By Dr. Witt 5360News
Size does matter!
Those of us that delve into wildlife and sports photography always get questions about our gear. There are so many options at so many levels (do you doubt that Hubble didn’t get the best eclipse images on earth-or close to it?) that it even becomes confusing to those of us that know a little bit. Circumstances and finances make some very difficult questions very easy to answer, however.
If you win the lottery or have a extra $25,000 lying around you can go with a medium format camera that will produce magnificent detail. and is like trying to carry a car. For much less, you can get a DSLR that is manageable in most situations and is much easier to carry.
If you look at David and Karole, you will see a 500 mm lens on a big camera with a tripod and flash. That is standard fare for bird and wildlife photography.
No, it doesn’t require that much firepower to get a good image. If you are going to blow up a picture for walls or posters, more pixels and the ability to shoot in the RAW format are almost necessary. It is a matter of playing the odds with point and shoot cameras vs. the big rigs – you will get more usable images with less effort when you are geared up, and if you are going to submit to magazines or enter contests the larger cameras are usually necessary.
Adequate photography has undergone huge changes since the cell phone provides a concealed carry option for everyone. A lot of my morning walk images are taken with a cell phone. The lens in those machines is variable enough to get great close up shots with a lovely, clear background and foreground.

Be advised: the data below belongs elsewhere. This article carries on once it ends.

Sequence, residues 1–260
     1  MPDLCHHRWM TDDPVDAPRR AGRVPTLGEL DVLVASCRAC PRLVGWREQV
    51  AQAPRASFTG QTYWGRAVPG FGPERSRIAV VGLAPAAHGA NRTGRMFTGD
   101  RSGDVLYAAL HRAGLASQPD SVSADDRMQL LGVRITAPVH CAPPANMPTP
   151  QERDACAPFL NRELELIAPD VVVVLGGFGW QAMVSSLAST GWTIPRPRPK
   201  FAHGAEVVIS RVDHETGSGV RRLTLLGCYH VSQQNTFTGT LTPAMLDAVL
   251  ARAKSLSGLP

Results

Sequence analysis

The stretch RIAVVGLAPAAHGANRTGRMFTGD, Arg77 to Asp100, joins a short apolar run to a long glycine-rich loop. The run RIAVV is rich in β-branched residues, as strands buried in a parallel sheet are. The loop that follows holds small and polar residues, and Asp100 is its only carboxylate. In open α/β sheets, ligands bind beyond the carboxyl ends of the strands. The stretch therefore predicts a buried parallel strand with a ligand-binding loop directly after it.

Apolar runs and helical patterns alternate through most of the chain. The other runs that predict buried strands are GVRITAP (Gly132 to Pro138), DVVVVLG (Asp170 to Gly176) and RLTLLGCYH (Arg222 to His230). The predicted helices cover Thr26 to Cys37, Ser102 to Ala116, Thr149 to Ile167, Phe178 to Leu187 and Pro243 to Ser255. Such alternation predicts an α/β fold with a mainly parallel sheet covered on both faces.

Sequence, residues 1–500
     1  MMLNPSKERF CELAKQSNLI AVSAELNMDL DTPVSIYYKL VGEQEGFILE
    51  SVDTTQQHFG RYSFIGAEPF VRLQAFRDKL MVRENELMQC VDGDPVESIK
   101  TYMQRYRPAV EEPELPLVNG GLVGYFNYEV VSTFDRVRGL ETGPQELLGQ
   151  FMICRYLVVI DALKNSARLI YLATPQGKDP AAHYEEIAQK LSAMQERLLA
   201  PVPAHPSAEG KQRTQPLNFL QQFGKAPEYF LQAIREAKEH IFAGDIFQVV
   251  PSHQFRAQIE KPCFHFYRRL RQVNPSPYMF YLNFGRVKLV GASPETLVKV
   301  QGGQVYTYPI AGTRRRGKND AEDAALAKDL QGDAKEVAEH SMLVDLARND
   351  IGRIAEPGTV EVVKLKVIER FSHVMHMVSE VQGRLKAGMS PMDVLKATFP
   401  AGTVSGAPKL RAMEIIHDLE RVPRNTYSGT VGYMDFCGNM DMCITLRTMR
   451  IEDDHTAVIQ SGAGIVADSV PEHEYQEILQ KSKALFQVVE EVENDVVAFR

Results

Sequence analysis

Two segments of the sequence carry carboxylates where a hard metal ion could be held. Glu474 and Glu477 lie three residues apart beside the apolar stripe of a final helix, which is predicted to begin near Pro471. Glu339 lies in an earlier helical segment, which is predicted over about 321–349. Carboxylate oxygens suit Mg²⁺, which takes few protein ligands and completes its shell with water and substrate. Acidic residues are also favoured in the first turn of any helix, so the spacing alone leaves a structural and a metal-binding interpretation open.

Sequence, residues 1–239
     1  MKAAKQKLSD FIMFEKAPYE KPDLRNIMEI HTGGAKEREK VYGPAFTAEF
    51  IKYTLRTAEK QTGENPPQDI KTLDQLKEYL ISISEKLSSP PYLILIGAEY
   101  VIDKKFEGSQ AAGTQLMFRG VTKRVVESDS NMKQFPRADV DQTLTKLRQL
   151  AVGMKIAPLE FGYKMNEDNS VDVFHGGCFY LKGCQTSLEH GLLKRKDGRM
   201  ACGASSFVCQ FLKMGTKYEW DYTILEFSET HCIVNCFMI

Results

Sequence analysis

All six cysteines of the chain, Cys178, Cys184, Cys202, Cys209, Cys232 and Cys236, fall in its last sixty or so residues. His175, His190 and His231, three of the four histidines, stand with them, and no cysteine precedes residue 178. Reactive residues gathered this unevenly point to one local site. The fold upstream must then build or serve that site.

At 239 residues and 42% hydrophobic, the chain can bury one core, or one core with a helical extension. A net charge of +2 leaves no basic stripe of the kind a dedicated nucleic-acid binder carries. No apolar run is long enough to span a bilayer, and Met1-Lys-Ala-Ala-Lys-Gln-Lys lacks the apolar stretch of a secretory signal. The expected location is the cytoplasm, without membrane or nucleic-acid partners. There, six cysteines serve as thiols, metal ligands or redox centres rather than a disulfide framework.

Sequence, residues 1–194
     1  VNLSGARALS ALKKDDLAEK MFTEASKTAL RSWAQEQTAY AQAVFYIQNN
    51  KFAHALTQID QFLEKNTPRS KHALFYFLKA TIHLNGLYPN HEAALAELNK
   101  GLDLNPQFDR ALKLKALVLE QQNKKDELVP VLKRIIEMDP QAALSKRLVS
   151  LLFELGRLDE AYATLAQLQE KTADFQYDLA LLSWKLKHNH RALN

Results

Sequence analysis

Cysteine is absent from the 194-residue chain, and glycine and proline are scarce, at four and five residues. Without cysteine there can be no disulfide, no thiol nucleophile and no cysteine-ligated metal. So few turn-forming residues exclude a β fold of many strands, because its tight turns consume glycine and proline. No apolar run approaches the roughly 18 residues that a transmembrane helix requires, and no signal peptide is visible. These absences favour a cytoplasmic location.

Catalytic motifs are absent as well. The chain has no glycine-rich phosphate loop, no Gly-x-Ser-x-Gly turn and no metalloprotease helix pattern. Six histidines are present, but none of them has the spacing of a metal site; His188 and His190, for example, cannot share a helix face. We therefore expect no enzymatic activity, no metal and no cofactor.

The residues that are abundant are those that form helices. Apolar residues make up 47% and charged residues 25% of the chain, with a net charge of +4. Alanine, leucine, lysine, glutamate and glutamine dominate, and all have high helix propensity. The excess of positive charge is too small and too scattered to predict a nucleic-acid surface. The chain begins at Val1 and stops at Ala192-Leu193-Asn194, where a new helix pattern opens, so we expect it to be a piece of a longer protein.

Selfies are difficult ( have to set up with a timer, etc…) with big cameras. The quality of cell phones is huge. They get better all the time, and I recommend them for 90 percent of average daily photography.
If you dream of stopping a bird in the air, a frog in mid-leap, a bone-jarring hit at mid-field or a golfer in mid-swing – you won’t be happy with a slow camera.
The current state of the art involves lighter cameras that don’t have mirrors. We are all looking for less to carry and keep the same quality. It may be possible. My camera has a life expectancy of about 400,000 clicks of the shutter. I am at 44,000.
I suspect it will be obsolete or I will die before it quits working. I hope they don’t come out with a unit that weighs nothing, has perfect autofocus and is reasonably priced – it will put a tear in a lot of eyes … Ha!
Everyone should take all the pictures they can and share them feverishly with all your friends– you never know when the random cruelty of the universe (thanks, Wayne!) will make that impossible. Start shooting!
Doctor Dan Witt is a retired physician and nature enthusiast.